2 WEDNESDAY. SEPTEMBER 24. 1902. XJUJS - KJSAJJJ - NU GEORGE GANTZ PAYS THE FULL PENALTY Hanged for the Murder of Annie Etter He Makes a Statement in Which He J Declares He Was Not in a Responsible Condition When He Committed the Crime. George Gantz, the slayer of Annie Etter, was hanged in the Berks county prison yard yesterday morning. - He was deeply penitent, but went to his death calmly, walking to the gallows HnDarently unmoved. The drop fell at 10.15. The execution differed from all others so far as the attendance was concerned. Thoro was rinp solemnity inside the orison walls but without there were eager crowds, scurrying here and there to different spots of vantage; some as close to the prison yard gate as the police would allow; othets along the driveways and seated as close to the jail as possible. .Men, women and children to the number of at least 500, , congregated outside. Some were dis cussing the murder, various opinions being given. There was general expectency. among the crowd that something might hap pen inside the prison yard that might - ue heard on the outside. Some thought that Gantz might break into a fury on the scaffold. - But nothing of the kind occurred and the crowd saw or heard nothing until seven minutes after eleven when the prison doors were opened and the dead body of Gantz resting in a closed coffin was carried out and placed in the unaertaKers wagon, ARRIVAL OF THE SHERIFF. Sheriff Mogel, accompanied by Coroner Moyer and the jury arrived at the prison at 9.45 o clock. A short time before that hour Sergeant Edwards and Officers Auchter, Rothermel, Kirsch - man, Miller, Ludwig, Hintz, Grimmer, Lewis and Bowman marched up in a body and were stationed at different .points outside of the prison to keep the crowd in order. Sheriff Mogel ushered the jurymen - into the Inspectors room where they remained until a short time before the execution. The juors were as follows: Frank B. Brown of Leesport; James M. Yeager, Sixth ward; Calvin A. Miller, Fleetwood; C. R. Grim, Maxatawny; Edward Elbert, Third ward; Charles J. Lesher, Twelfth ward; George G. Baker Cumru; David H. Baird, Hamburg; Dr. C. M. Bachman, Eighth ward; Aug. Bartels, Ninth ward; Irwin F. Maurer, Sixth ward; Jonathan Lutz, Twelfth ward. - ,. County Commissioner Gunkel was accompanied1 by Sheriff Milnor, of Lycoming county, from whom the gallows was secured for the execution. Sheriff Thomas L. McMichael of Lancaster county, and Sheriff Weiderlick, of Lehigh county, also were present. - Some of the prison inspectors, a number of the county authorities, Rev. Dr. Brownmiller, Garrett Stevens, jr., and . four reporters constituted the balance of the spectators. , . GANTZ'S PREPARATIONS. Monday night the condemned man was in a disturbed frame of mind. He did not retire to his cot untii.1.30 Tuesday morning. By his request, Rev. Dr. Brownmiller remained with him all evening, leaving at twelve o'clock. The fact is that Gantz almost broke down yesterday afternoon, but mastered himself and regained the courage which stood him in good stead until the last breath of life was taken. He was considerably more cheerful after his spiritual adviser's visit, and chatted a little with his death watch, Moses Hoffert, who had been on guard in front of the cell door for 26 days. WatchmanJacob Becker also spoke to him for a little while. Then, as at many other times, Gantz expressed his sorrow that his young life should be cut short in so ignominous a manner. I PITY FOR THE GIRL. Whenever any reference was made by Gantz to the deed charged against him, he expressed great pity for the girl, saying that had he been in his right mind he would not have touched a hair of her head to injure her. He greatly deplored that he had allowed drink to overpower his better judgment. RECONCILED TO FATE. He heard with interest of the - efforts his counsel, Garrett Stevens, jr.,' had made to secure a reprieve from Governor Stone. He was very grateful to his attorney for the trip taken to Harrisburg yesterday, and the parting between Mr. Stevens and the condemned man was quite affecting Gantz expressed sincere gratitude for all that his attorney had done for him. Early Tuesday morning, at about 5 o'clock, the condemned man awoke and dressed. 'He noticed later in the morning that the sun was shining brightly without and commented: "Well, I see my last day on earth is a fine one." A cool statement, but nothing toward the cool and unfaltering manner in which the young man passed through the ordeal yet to come. At eight o'clock a fine breakfast was brought to Gantz, consisting of oat - , meal, squab, cake and bread. - He looked at it disinterestedly. Not a bite would he take, simply drank a little ' coffee and resumed that contemplative demeanor which has caused him to be - Salt Rheum You may call it eczema, tetter or milk crust. But no matter what you call it, this' skin disease which conies in patches that burn, itch, discharge a watery matter, dry and scale, owes Its existence to the presence of - humors in the system. ' It will continue to exist, annoy, and perhaps agonize, as long as these humors remain. It is always radically and permanently cured by - Hood's Sarsaparilla which expels all humors, and is positively unequalled for all cutaneous eruptions. j come known among the prison officials as a model prisoner. After breakfast he was shaved by one of the prisoners, Elwood Schlaub. LAST STATEMENT. ' v .Rev. Dr. Brownmiller arrived early and by Gantz's request took a statement for publication. It is as follows, as dictated by the condemed man: "Tell them that my last words were that I positively know nothing how it happened (the crime), and bneiw not that it happened until they (the officers) told me. It wouldn't have happened if I wouldn't have been drunk. I am very orry for the deed and heartily repent, and face death with . bright hopes of a better life." Some other private statements were made and it is said that Gantz believed that some other verdict should have been made, claiming that he did not commit the deed from malice or that it was premeditated. Furthermore, he did not believe that he had outraged the girl. For this reason his one wish was that the girl might have regained consciousness and told the real story of the occurrence. , After Gantz had attired himself in his best suit, with laydown collar, link cuffs and a generally spruce appear ance, he awaited' the coming of the sheriff. MARCH TO GALLOWS. At ten minutes past ten the cell door was opened and he stepped out, with Sheriff Mogel on one side of him and Rev. Dr. Brownmiller on the oher. The jurymen brought up the rear. I Gantz marched forward - with a steady step, Rev. Brownmiller by his side reading aloud a prayer. He briskly ascended the steps to the gallows and found the proper place to stand over the trap door without hesitation. Dr. Brownmiller followed, robed in the vestments of the Lutheran clergy. On the steps Gantz had smiled a little to himself. Sheriff Mogel's deputies. John C. Brad ley and Jacob H. Sassaman then adjusted the handcuffs, Gantz's arms being pinioned behind him. They were carefully strapped, as were his lower limbs. Then before the black cap was placed over his head, Dr. Brownmiller read a prayer for the dead, which the condemned man re peated after him. A benediction was - then pronounced, God's mercy being pleaded for in behalf ot the unfortunate young man. HIS LAST GOOD - BYE, . Dr. Brownmiller then in a tremulous voice said "Well, good - bye, George," and kissed him upon the cheek. There was gratefulness in the young man's voice and face as he answered in a whisper "Good - bye." He" had winced a little when the rope was tightened, but said not a word. He did not even tremble at the last moment, but stood erect and in this position continued with wonderful grit until the sheriff at 10.15 o'clock pressed the lever. It was noticed at once when the body dropped that the rope had slipped and that instead of its lodging under the left ear, It had caught him at the base of the skull. There was therefore some apprehension lest the execution would not be a success. The body gave several convulsive twitches and then was quiet. But the heart beat on. The physicians set the spectators at their ease by reporting at 10.26 that the pulse had ceased to beat. At 10.34 they announced that life was extinct. Deputy Sassaman then remounted the gallow steps and with a sharp knife cut the rope, attendants having hold of the body. Then it was placed upon a stretcher and carried into the rear prison corridor, where the handcuffs and straps were removed and lastly the black - Trap. The appearance of the dead man was not much changed. There was no expression of pain and it is believed that he suffered little. Drs. Schmehl and Wagner made an examination and Dr. Bachman, one of the Jury, joined them at their invitation. NECK NOT BROKEN. It was then discovered, as It had been feared, that the murderer was strangled to death. If the rope had not slipped, the doctors said, the neck would have been broken and death would have resulted quicker. There were no abrasions upon the neck, .the skin being only slightly dicsolored. Sheriff Milnor, who has operated the gallows himself in Lycoming county, said that the execution was very creditably done and that the slipping of a rope was an unavoidable occurrence. The authorities from other counties also assured the Berks officials that the hanging was in every way well conducted. The jurymen then signed the papers of the coroner and he then left with his report which is to be presented to court. In the meantime Undertaker Seidel brought a coffin and thq body was delivered to him. It was carried out to the wagon in waiting in front of the prison. Dr. Brownmiller was not for a moment absent, having promised the young man that be would stay by his side until deposited - in the undertaker's wagon. The body was removed at 7 minutes after 11 to the home of hia. brother - in - law, Harry D. Miller, 321 1 - 2 Mulberry stret, from which place the funeral will take place' in several days. The exact time will not be made public, so as to avoid a crowd. Whlle In prison Gantz became friendly with the watchman and attendants. Those whom he caught sight of while going from ', his cell to. the gallows were greeted with "good - byes." Warden Newcomet re - ceived a farewell in which Gantz expressed his appreciation of the kind treatment ac corded him. The event of the day was of especial interest to Mrs. Edwards, convicted xt murdering her husband. Mrs. Emily Kantner, the death watch, is seated in front of her cell on thev second tier. The convicted woman did not seem to be affected one way or the other. GANTZ'S SIGNED STATEMENT, Last Sunday, Garrett Stevens his counsel, spent some time in the eon - ; I (a V UAJLUX XX&i - LiO ZLLi 13 UIWATUH, KEAD1N THE ROOT OF THE IIATTE3 1 He Cared Himself of Serioaa stomach I Traable, by Getting Don to First Principle. ': A man of large affairs in one of bur prominent eastern cities by too close attention to business, too little exercise and too many club dinners. Anally began to pay nature's tax, levied in the form of chronic stomach trouble; the failure of his digestion brought about a nervouse irritability making it Impossible to apply himself to his daily business and Anally deranging the kidneys and Mart. In his own words he says: "I consulted one Dhvsician after another and each one seemed to understand my case, but her with blows uon the head and then ac - all the same they each failed to bring : complished his purpose, about the return of my former diges - j The girl did not speak from the time tion, appetite and vigor. For two years he was struck, Gantz is said to.have told j. wem iram pinar to post, irum one sanitarium 1.0 anoiner, i gave igp sinoK - ing, I quit coffee and even renounced ny daily glass or two of beer, but with out any marked improvement. 'Friends had often advised me to try a "well known proprietary medicine, Stuart's Dyspepsia Tablets and I had often perused the newspaper advertisements of the remedy but never took any stock in advertised medicines nor could believe a Afty - cent patent medicine would touch my case. "To make a long story short I Anally bought a couple of packages at the nearest drug store and took two or three tablets after each meal and occasionally a tablet between meals, when I felt any feeling of nausea or discomfort. "I was surprised at the end of the first week to note a marked Improvement in my appetite and general health and before the two packages were gone I was certain that Stuart's Dyspepsia Tablets was going to cure completely and they did not disappoint me. I can eat and sleep arid enjoy my coffee and cigar and no one would suppose I had ever known the horrors of dyspepsia. ' "Out of friendly curiosity I wrote to the proprietors of the remedy asking for information as to what the tablets contained and they replied that the principal ingredients were aseptic pepsin (government test), malt diastase and other natural digestives, which di gest food regardless of the condition of the stomach." The root of the matter is this, the digestive elements contained in Stuart's Dyspepsia Tablets will digest the food, give the overworked stomach a chance to recuperate and the nerves and whole system receive the nourishment which can only come from food; stimulants and nerve tonics . never give real strength, they give a Actitious strength, invariably followed by reaction. Every drop of blood, every nerve and tissue is manufactured from our daily food, ana if you can insure its prompt action and complete digestion by the regular use of so good and wholesome a remedy as Stuart's Dyspepsia Tablets, you will have no need of nerve tonics and sanitariums. Although Stuart's Dyspepsia Tablets have been in market only a few years yet probably every druggist in the United States, Canada and Great Britain now sells them and considers them the most popular and successful of any preparation for stomach trouble. demned man's cell. This statement was then dictated and signed by him: "At the trial I heard for the Arst time a full account of what I had done on the night of Saturday, the 26th of October last. I have always said, and still say, that I did not kill Annie Etter purposely, and until I was told by the chief of police, I did not even know that she had been hurt by me. Everybody was down on me at the time of my trial, and nobody would believe me when I said that I did not remember anything that took place on that night after we got on the car to come in from Stony Creek. I have tried to think what took place that night, but I can't do it. "Since I have been here I have realized what an awful thing it must have been, and I have been very, very sorry that things went the way they did, for I never thought even for an instant of doing anything to injure the poor girl. That was the Arst time we had ever been out together. "T foreive everyone for the parts they have had to take in this case, and hope that I may be forgiven. The only place where I think a mistake was made was in the chief of police's testimony. I never knew what took place and I can't believe that I told him what he said I did. 'I have been kindly treated while here in nrison and have nothing to complain of. Of course, no one wants to die in this manner, yet it is the punishment which the law makes for a thing of this kind." GANTZ'S CRIME. The murderous assault for which George Gantz paid the death penalty, occurred on Saturday night, October 26, 1901. The unfortunate young girl whom he fatally wounded while in a drunken rage, was Annie Etter, 15 - year - old daughter of David Etter, at 428 Pearl street. She had left home that afternoon at 6.30 o'clock to visit relatives at 135 Poplar street. Shortly before 8 o'clock she left the latter place and was thought to have returned home, but she subsequently met Gantz by appointment and they went together to Stony Creek. i About 11 p. m. the couple returned to town, walked down Sixth street and then down Franklin to Pearl. Their actions were noticed by a number of people who testified at the trial that the girl seemed to want to escape from Gantz, but that by pulling her by the arm and coaxing her, she finally accompanied him. She wanted to walk down Sixth street to Bingaman, but Gantz finally got her started down Franklin street,! then compelled her to turn into Pearl street with him. He had been drinking heavily and several times had almost fallen while walking by the girl's side. . . : About 100 feet from Franklin street, on Pearl, they arrived at a stable and there Gantz is said to have made a proposal to the girl which she opposed. He then forced her into tha shed, beat her on the head with a board until she became unconscious and then outraged her, after which he took flight. People living in that vicinity heard the girl's moans and notified the police department. Officer Benjamin Rhoda was sent to the scene, and was accompanied by Mahlon Bortz, an electric light in - spector. In the shed they found the girl lying senseless, her head lying in a pool of blood. Her clothing were disarranged. Bortz then hurried away for a stretcner and the girl was carried to ppHce station. Here it was seen that her condition was very serious and she was quickly removed to the Reading hospital. It was 12.45 o'clock when the patient was admitted. She was bleeding from her right nostril and right ear. An examination revealed that she had fracture In the vault of her skull, a transverse acture over the head, lead - ins from temple to temple. .The front of the skull was depressed. , At 8 a. m. an 'operation was performed, piece of bone was removed from the temple, clots from the brain and the depressed portion of the skull raised. She did not regain consciousness, but died at 12.35 Sunday noon. The fatal injuries bore signs that they were inflicted with a board and the bruises on the face are supposed to have been caused by Gantz's fist.. '', - v In the meantiniesr Gantz was arrested and locked up ah police station. Chief Miller, questioned' him regarding the affair ana Gantz is said to have made a confes sion to the effect that the girl had resisted him, but that he managed to get her into the stable, then picked up a board, felled : je chief District Attorney Rothermel was pres ent when the statement was made to Chief Miller by Gantz. The trial came up in court at the December sessions. On Saturday, Dec. 14, the Jury was selected. It required a full day to do it. Sixty - seven names were considered, these being chosen: George T. Hawkins, colored, Ninth ward; Fred. Shilling, molder, Cumru; Solomon Stafford, farmer. Cumru: J. V. Shank - weiler, storekeeper, Hereford; John A. Hiester, boat builder, First ward; John M. Rhoads, pipe cutter, Eighth ward; John Trexler, cabinetmaker, Longswamp; Adam S. Fisher, carpenter, Sinking Spring; J. K. Groman, 134 Schuylkill avene; Thomas C. Darrah, tax collector, Eleventh ward; George Melnholtz, contractor, Tenth ward; Howard C. Strauss, justice of the peace, Maidencreek. The case was opened for the prosecution by Harry P. Keiser, who related the, story of the crime, which was substantiated by witnesses. Garrett Stevens, Jr., opened for the de fense the following' morning (Tuesday). There were witnesses to testify that Gantz was an epileptic and that whenever he re ceived any drink he was not his same self. , When the testimony was all In, the prosecution had nothing to offer In re buttal. Mr. Stevens addressed the jury with a tremor in his voice. "I come before you today almost brokenhearted," said he, "We have worked day and night to gather our testimony and had it ,all arranged. But now, as though we were some plague - stricken body, they have fallen away from us. Even the father of the boy has re mained away. He on whom the son should rely has rendered himself a fit subject for pity. The father who has no greater love for his son than to leave him face the greatest of perils alone, is not a fit lather." On December 17 the jury brought in a verdict finding Gantz guilty of murder in the first degree. He was sentenced on April 26, 1902, to be hanged. The death warrant was signed by Gover nor sstone on July 11, and received by sneriff Mogel an the 18th inst. The whole proceedings dazed the youthful murderer. He resented the statements made by Chief Miller, claiming that he' was not fairly dealt with and that he knew of no admissions. In fact, Gantz to his very best friends since then has said that the whole affair at the shed and afterward was a blank to him and that he did not realize the awful nature of the crime charged against him until he was in the court room and heard the stories of the witnesses. " CANADA'S EXPANDING TRADE. Statement Made Public Shows Surpris ingly Large Increase. ' ' Special to The Times. Ottawa, Ont., Sept. 23 A statement just made public by the customs de partment shows that Canada's trade with foreign countries is expanding with surprising rapidity. The figures show that the total trade of the Dominion during the last fiscal year exceeded $400,000,000. The Dominion's greatest trade year hitherto was 1890, but this last year doubled. The great bulk of the trade is with Great Britain and the United States, the third best customer being Germany. BRITT VS. CLIFFORD. Will Furnish Wind - up of Boxing Show of the Acme Athletic Club. Special to The Times. Oakland, Cai, Sept. 23. "Jimmy" Britt and "Jack" Clifford are tfi furnish the wind - up at tonlght'.s boxing show of the Acme Athletic Club. Both have been training faithfully since the match was made and appear to be in condition to put up an interesting bout. Epilepsy I weakens the body and degrades the mind. It saps the nervous strength that h the source of tril health, and perverts the functions 'of every organ. Because of its stubborn nature, it is often called incurable. This is not true. There is one medicine that never fails to check the nervous spasms and give new strength to the entire system. Our baby boy had epileptic spurns and the physicians were unable to do anything to help him. We heard of Dr. Miles' Nervine, and from the time he took the first dose he never had another attack," Mrs. J. Penner, 459 N. Meridian Ave, Anderson, Ind. T Dr.NilesV Nervine allays nervous irritation, stops spasms, restores digestion and mental vigor. Sold by druggists on guarantee. Dr. Miles Medical Co, Elkhart, Ind. P WEDNESDAY, SEPTEMBER 24, 1902. I HER il MD THE SATISFACTORY RESULTS TO WHICH IT LED. The Story a Mra. Cooper Told It to a Be - porter After Her Becovery. "It all Came about through the advice of my husband," said Mrs. Sadie Cooper, of No. - 329 Main street, Auburn, Me - " '.suffered intensely with, inflamma tion oi the stomach for four weeks. she continued. - - "I had a naturally weak siomacn ana in, December, 1897, it began to' trouble me more than usual. 1 could not bear .the least pressure on it wunout reeling a terrible faintness, and I had so much gas in it that it caused pains to go all through the upper part of my body. When I got up quickly my head would feel so dizzy that I would have to lie down again and then rise gradually.. There was a poor circula tion of the blood and for days at a time I was obliged to lie down nearly all the while. I was under a doctor's care for about four weeks. I felt slightly better just while taking his medicine, but It leic no lasting Denent. "My husband, who had taken them himself with good results, at last induced me to try Dr. Williams' Pink Pills for Pale People. So in January, 1898, I began taking them and in two weeks I was able to notice a decided gain. kept on taking them for three months when I hhd entirely recovered. I am glad to say that I have never suf fered with the trouble since." The pills which cured Mrs. Cooper are an unfailing specific for all diseases arising from disorders of the blood and nerves. . Among the many diseases they nave curea are locomotor ataxia, par tial paralysis, St. Vitus' dance, sciati ca, neuralgia, rneumatism, nervous headache, the after - effects of the grip, palpitation of the heart, pale and sallow complexions and ail forms of weakness either in male or female. Dr. Williams' Pink Pills for Pale People are sold by all dealers, or will be sent postpaid on receipt of price, fifty cents a box; six boxes for two dollars - and a half, by addressing Dr. Williams Medicine Company, Schenectady, N. T. SPECIAL OFFICERS RIDE ON BUFFALO STRIKERS HAVE HELD UP THE TRAIN AT MAHANOT CITY AND HAVE SEARCHED THE CARS FOR NON - UNION - MEN. The recent attempts at holding up the Buffalo express, on the Reading railway, while going through the coal regions, have led the officials to take precautions against further attacks on this train, and when it - pulled Into the Pottstown station early yesterday morning it wag noticed that there were a number of special officers of the company on board. Within the past three days this train, which is known as No. 11 on the schedule, has been stopped by the strikers at Mahanoy City ana Mahanoy Plane while a committee went through the cars in a search for nonunion men. , 1 Passengers who were sleeping . in their seats were awakened and asked their names and occupation. The committees even went into the sleeping cars, where they threw the occupants into a state of terror. The train was delayed half an hour at Mahanoy Plane before the searchers satisfied them selves that there were no deputies or strike - breakers aboard. Last night the conductor on the Buffalo" was George Boas, who alter nates with John Ivory. . The train crew stated that there was more or less dis order on the train every morning while on its way through the coal regions and that drunken crowds get on at Port Clinton and Tamaqua and annoy the passengers. Special officers will be carried along with the train until the disorder ceases, and the rowdies who create disturbances on the train will be prosecuted. ' Shortly after the strike began this train was taken off the schedule, as the railway officials feared trouble would follow. The "run" with No. 11 is considered the worst on the Reading road bT experienced railroad men, and as it reaches the coal regions early in the morning, just before daylight, the op portunities for boarding it unobserved were many. BLAZE IN A KITCHEN. Shortly before . 5 o'clock Tuesday morning fire was discovered in the summer kitchen in the rear of B. Y. Shearer's home, 146 North Fifth street. The fire was discovered by a servant, who has her room on the second floor, adjoining thie kitchen. She was awakened by the smell of smoke, which was entering her room through an open window. She at once hastened down stairs to invstigate, and seeing that there was fire, she awakened the family. Mr. Shearer responded at once. He opened the kitchen door, and1 a tongue of flame leaped out. (He at once raised the cry of fire and an alarm was sent in from box 39, Fifth and Washington streets. The companies were - soon at the scene, and extinguished the flames. They confined the Are to the kitchen and the portico of the house. Mr. Shearer estimates his loss between $300 and $400, covered by insurance. Ho the Are originated is a mystery as no fire had been used in the stove for ovier a week. REDUCED RATES TO PORTLAND, - , MAINE. Via Pennsylvania - Railroad, Account Meeting Woman's Christian Temperance Union. On account' of the meeting of the Wo man's Christian Temperance Union at Portland, Me., October 15 to . 23, the Pennsylvania Railroad Company will sell excursion tickets to Portland from all stations on its lines, from October 13 to 17, inclusive, at reduced rates. These tickets will be' good for return passage from October 15 to 24. If ticket be deposited with agent of terminal lines at Portland before noon of October 16, and 50 cents paid at time of deposit, the return lirnit will be extended to October 13. Apply to Ticket Agents for specific rates and other information. KUTZTOWN FAIR NEXT WEEK. The Kutztown Fair will be .held next week, September 30 to October 3. The prospects are that this will be the ban - ' ner fair of all ever held - there. There will be band concerts and new features very day. Concert by the Ringgold Band on Thursday and by the full 4l - lentown Band on Friday. . f TKE SOCIALISTS THREE MEETINGS FOR PENN SQUARE ARE BOOKED .FOR THIS WEEK,. ', , On Thursday, Friday and Saturday of this week thjj Socialist Labor party will held meetings on Penn Square at 8 o'clock.ln the. evening. X S S . The principal speaker will 'be Frank Jordan, of Indianapolis, who has been cnsecu uy me Pennsylvania state committee to organize in this state until election day. . c j Although Mr. Jordan is a young man only about 25. years of age, he is reputed to be one of the best Socialist speakers in America. Until a few days ago he has been agitating among the striking ooal.miners, having been with them since shortly after the outbreak of the strike. . , Said Percy Vize, one of the local Socialists, to the Times: "Last fall Mr Jordan was stumping New England. At this time, owing to the assassination of President McKinley, much antagonism existed against Socialism, which some confounded with anarchy, and Mr Jordan was arrested 16 times. This instead of having a deterring effect upon him, has simply added to the vigor and enthusiasm of his agitation, "On October 1st three other agitators will start stumping in this state for the Socialist Labor party. They are William Adams, of Wilmerding, our candidate for Governor; H. A. Goff Sr and Selig Schulberg. both Of Pit tshiirp" Mr. Adams will be in Reading on Oc - iuuer inn. - . "We are makine a hetter this year than we ever did before. Our membership is increasing and everything Is in good shape. We feel ouite certain of polling a big increase in our vote. 'On Sunday evenine Mr. .Tnrrt an will address a hall meeting. Just which hall will be used has not been definitely decided. An effort Will then be made to increase the membership of the local section. $n .Monday Mr. Jordan will visit Pottstown, and on Tuesday he returns to Reading. On Wednesday he goes to Philadelphia." REAL ESTATE" SALES. Mengel o - Mengel report the follow ing:. . .. 1031 Penn street, three - storv hrir - k dwelling, 25 by 270 feet, property of the estate of Daniel A. Yoder, deceased, to Enoch T. Painter, for $12,700, , 324 South Seventh, street, two - story brick dwelling, 16 by 100 feet, property of Sallie Coldren, to Ludwig Kerber. for $1,500. 1253 North Tenth street, two - storv brick dwelling, 16 by 100 feet, property of J. Alfred Moll, to Sylvester W. Ma - Dry, for $1,280. 830 Church street, two - story brick dwelling, 16 py 90 feet, property of Henry L. Clouser, to Harry L. Witman, for $1,400. 210 Oley street, two - story brick dwell ing, 40 by 110 feet, property of the estate of Ed. Smith, deceased, to Foster S. iehl, for $2,750. REPAIR PERMITS. The following repair permits were taken out: J. G. Yarnell for 415 North Ninth street, for use of street; Contractor Geo. H .Meinholtz for general repairs at 1008 Penn street, owned by Mrs. D. K. Keller; Charles F. Heflman, for use of street at 115 North Ninth street; Contractor E. H. Beard for the Reading Foundry Co.; one - story storage house on Perry street be tween Weiser and RItter streets. FIRST WARD VACANCY. William Mannerback. real estate agent, South Fifth street, has secured a number of signatures to a petition requesting the tJovernor to appoint him alderman for t(ie First ward for the unexpired term of the late Alderman Stout. Friends of Peter Texter are urging him to become a candidate for the appointment. In Austria 70,000 men have won a nine - hour workday. The men were on strike nine months. . ITCHING HUMOURS Complete External and Internal Treatment, One Dollar. CUTICURA The set, consisting of Cuticura Soap, to cleanse the skin of crusts and scales, and soften thethick - ' encd cuticle, Cuticura Oint - . ment,to inslanf ly allay itciing, irritation, lard inflammation and soothe1 aid heal, and Cuii - cura Resdvtnt Pills, to cof land cleanse! the ' blood, andeipel humour tcims. A Single Set, price $1, is oien sufficient to cure the most fcrur - ing, disfiguring skin, seal), and blood humours, rashes, ithhgs, and irritations, with loss f iair, when all else fails. MILLIONS ISE CtmcuRA 8oap, assisted by Soticura Ointment, the great skin cure, ff preserv. ing, purifying, and beautifying tl skin, for clrtinsing the scalp of crusts, scalt aiirt dan - dmB, and the stopping ot falllri hnlr, for srftening, whitening, and eoothind, rough, aid tore hands, for baby rashti itotiings, smi dialings, and for all tiie purf e of the lollet, bath, and nursery. MlflionM Women use Cuticura Soap In the form baths for annoying irritations, Inflnnimatif, and ex. corlatlons, or too free or olfeni(e perspir. ation, In the form ot washes ulcerative weaknesses, and for many sanatll. antiseptic purposes which readily UKgeneinselTes to women, especlilly mothers. CUTICURA MI80LVEK PILLS (Chocolate Coated arenew,taare3, odour, less, economical substitute for t celebrated liquid CtTTiouiiA lassoi." vr, asjill as for all . . othor blood pnriMrs r amoirj'jg Put up in pocket V V price SoMthratf - .. I iw. Pilu,m. v 1 ChirHr J W lim. rr l 'l.i fisuo at rpi .A. si 11S.V iiJ?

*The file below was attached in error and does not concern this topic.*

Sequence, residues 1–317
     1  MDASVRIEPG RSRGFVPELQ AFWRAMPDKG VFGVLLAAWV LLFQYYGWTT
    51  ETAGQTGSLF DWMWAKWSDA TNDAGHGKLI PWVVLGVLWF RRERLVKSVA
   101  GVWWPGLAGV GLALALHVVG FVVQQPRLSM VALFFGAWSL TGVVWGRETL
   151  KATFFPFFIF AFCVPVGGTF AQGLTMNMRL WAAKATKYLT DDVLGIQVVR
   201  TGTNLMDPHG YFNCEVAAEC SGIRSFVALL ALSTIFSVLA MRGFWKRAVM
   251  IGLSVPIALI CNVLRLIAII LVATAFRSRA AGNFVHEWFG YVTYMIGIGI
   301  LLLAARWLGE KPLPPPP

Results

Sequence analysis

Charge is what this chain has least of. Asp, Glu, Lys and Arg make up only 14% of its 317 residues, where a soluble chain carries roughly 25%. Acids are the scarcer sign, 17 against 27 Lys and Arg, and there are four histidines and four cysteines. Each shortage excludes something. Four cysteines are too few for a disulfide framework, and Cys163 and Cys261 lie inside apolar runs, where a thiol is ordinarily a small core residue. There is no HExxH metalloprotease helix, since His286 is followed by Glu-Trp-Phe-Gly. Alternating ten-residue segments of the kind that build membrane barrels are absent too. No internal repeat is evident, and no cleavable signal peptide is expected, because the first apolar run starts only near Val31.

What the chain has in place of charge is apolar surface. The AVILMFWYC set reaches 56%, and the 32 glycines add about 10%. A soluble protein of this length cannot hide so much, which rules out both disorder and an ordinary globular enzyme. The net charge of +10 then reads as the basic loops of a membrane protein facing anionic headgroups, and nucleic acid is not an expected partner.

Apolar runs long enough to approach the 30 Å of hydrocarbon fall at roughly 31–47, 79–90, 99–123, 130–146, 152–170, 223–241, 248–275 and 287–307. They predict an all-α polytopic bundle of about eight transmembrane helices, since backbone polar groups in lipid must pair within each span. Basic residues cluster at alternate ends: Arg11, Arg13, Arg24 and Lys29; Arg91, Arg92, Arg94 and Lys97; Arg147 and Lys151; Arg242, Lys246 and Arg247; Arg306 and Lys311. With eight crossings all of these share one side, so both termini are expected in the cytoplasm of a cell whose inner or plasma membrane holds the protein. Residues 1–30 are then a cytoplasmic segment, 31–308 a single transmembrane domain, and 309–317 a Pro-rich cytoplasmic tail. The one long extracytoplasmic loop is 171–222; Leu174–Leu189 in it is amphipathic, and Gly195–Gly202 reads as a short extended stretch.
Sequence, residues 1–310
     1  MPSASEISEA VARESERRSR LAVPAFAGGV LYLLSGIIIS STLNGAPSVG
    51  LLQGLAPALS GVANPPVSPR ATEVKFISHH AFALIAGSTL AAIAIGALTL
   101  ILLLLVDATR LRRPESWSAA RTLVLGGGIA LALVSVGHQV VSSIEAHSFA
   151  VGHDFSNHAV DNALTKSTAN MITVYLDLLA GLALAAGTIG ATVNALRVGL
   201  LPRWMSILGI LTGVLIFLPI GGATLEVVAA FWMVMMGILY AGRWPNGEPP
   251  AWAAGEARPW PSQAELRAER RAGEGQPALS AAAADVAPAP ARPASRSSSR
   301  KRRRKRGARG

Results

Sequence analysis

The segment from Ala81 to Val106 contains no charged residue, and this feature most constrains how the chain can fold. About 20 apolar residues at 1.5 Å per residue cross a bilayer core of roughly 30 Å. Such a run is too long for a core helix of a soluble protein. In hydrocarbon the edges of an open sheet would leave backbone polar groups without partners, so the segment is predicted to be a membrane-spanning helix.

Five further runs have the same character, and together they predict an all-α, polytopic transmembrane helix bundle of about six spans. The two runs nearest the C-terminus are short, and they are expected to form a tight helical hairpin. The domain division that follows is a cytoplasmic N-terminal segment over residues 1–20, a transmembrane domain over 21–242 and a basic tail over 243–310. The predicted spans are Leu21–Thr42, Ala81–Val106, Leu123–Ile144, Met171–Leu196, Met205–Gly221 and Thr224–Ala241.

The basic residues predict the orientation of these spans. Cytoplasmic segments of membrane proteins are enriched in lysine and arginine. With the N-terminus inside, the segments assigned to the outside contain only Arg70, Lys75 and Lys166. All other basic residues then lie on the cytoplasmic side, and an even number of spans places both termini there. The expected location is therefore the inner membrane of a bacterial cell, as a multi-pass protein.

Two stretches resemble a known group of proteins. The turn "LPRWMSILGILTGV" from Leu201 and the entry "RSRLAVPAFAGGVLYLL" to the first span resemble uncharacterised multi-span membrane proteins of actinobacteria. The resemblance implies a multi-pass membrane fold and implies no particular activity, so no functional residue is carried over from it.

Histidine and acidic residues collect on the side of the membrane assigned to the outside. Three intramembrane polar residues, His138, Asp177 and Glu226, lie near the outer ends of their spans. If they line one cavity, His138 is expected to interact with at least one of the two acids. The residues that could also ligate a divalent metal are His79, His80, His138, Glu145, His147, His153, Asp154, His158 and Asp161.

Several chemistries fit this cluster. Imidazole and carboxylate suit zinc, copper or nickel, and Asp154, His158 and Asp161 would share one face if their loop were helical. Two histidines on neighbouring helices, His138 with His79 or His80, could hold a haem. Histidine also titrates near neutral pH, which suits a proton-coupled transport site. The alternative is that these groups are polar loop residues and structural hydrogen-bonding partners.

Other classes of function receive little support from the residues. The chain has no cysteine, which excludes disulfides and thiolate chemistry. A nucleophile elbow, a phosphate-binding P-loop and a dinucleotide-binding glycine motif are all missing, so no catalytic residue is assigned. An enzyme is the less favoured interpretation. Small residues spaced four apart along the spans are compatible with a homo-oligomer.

What members have found on this page
Get access to Newspapers.com
- The largest online newspaper archive
- 11,800+ newspapers from the 1700s–2000s
- Millions of additional pages added every month